Larrabee: Samples in Late 08, Products in 2H09/1H10

Wednesday 16th January 2008, 12:42:00 PM, written by Arun

When Doug Freedman asked Paul Otellini about Larrabee during yesterday's conference call, we didn't think much would come out of it. But boy were we wrong: Otellini gave an incredibly to-the-point update on the project's timeframe. So rather than try to summarize, we'll just quote what Otellini had to say here.

Larrabee first silicon should be late this year in terms of samples and we’ll start playing with it and sampling it to developers and I still think we are on track for a product in late ’09, 2010 timeframe.

And yes, the transcript says 'Laramie' and we have no idea how anyone could spell it that way given the pronunciation, but whatever. The first interesting point is that Otellini said 'first silicon', as if it wasn't their intention to ship it in non-negligible quantities.

So it'd be little more than a prototype, which makes sense: it'll likely take quite some time for both game and GPGPU developers to get used to the architecture and programming model. At least this proves Intel isn't being ridiculously overly confident in terms of software adoption if we're interpreting that right, and that they're willing to make this a long-term investment.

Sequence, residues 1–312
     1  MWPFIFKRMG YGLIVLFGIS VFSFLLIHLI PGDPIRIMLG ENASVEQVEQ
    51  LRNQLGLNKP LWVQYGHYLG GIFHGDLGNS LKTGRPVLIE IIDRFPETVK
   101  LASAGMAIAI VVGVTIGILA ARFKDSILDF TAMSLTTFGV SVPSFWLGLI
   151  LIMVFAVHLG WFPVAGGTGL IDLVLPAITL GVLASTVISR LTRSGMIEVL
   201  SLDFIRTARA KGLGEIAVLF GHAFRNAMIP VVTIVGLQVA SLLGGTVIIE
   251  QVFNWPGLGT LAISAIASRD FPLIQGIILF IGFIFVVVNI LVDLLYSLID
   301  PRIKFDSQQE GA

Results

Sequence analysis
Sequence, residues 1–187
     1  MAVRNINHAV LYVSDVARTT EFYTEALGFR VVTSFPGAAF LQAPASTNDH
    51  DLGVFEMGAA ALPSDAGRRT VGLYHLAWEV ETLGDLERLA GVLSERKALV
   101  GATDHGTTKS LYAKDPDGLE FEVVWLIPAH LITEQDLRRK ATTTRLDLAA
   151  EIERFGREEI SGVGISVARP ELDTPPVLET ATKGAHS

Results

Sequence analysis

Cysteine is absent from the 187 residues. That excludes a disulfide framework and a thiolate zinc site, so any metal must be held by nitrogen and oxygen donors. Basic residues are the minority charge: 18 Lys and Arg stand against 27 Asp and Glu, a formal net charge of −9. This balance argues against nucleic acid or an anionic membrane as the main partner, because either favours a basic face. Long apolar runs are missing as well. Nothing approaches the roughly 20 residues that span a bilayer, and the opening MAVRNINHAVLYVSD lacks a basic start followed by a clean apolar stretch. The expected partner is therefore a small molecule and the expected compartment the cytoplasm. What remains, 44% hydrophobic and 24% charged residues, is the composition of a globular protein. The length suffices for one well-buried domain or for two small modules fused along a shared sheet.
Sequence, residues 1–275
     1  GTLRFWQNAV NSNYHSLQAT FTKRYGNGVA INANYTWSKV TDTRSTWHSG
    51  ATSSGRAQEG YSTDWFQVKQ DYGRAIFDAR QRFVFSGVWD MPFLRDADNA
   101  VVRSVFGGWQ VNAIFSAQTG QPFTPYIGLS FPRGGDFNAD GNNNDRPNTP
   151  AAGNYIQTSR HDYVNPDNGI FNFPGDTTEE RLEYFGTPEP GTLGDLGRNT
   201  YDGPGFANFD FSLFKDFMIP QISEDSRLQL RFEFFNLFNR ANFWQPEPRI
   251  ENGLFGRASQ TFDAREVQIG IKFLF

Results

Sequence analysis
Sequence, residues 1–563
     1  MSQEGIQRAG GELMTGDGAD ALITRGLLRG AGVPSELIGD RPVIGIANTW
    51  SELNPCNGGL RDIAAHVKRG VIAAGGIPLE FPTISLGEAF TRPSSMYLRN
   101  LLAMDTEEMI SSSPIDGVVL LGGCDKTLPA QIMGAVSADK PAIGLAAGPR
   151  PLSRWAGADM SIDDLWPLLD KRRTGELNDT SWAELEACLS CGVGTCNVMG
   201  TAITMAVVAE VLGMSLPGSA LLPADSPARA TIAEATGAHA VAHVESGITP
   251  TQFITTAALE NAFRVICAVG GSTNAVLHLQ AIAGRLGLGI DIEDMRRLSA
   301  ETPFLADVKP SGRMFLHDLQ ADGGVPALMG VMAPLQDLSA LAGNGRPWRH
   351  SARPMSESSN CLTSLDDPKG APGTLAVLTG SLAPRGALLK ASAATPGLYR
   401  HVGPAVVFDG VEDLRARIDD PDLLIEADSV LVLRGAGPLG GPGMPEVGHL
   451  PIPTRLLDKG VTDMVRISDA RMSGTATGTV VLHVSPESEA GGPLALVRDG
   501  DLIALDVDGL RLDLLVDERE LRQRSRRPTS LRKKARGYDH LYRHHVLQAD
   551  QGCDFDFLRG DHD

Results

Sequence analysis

On the other hand, if their first real product is expected to come out in 'late 2009', an important point becomes what process Intel will manufacture it on. If it's 45nm, they'll actually be at a density and power disadvantage against GPUs produced at TSMC, based on our understanding of both companies ' processes and roadmaps.

But if Intel is really aggressive and that chip is actually on 32nm, then they would be at a real process advantage. That seems less likely to us since it'd imply it would tape-out and release at about the same time as Intel's CPUs on a new process. Either way, it is a very important question.

The next point to consider is that in the 2H09/1H10 timeframe, Larrabee will compete against NVIDIA and AMD's all-new DX11 architectures. This makes architectural and programming flexibility questions especially hard to answer at this point. It should be obvious that NVIDIA and AMD must want to improve those aspects to fight against Larrabee though, so it could be a very interesting fight in the GPGPU market and beyond.

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intel ± larrabee, dx11

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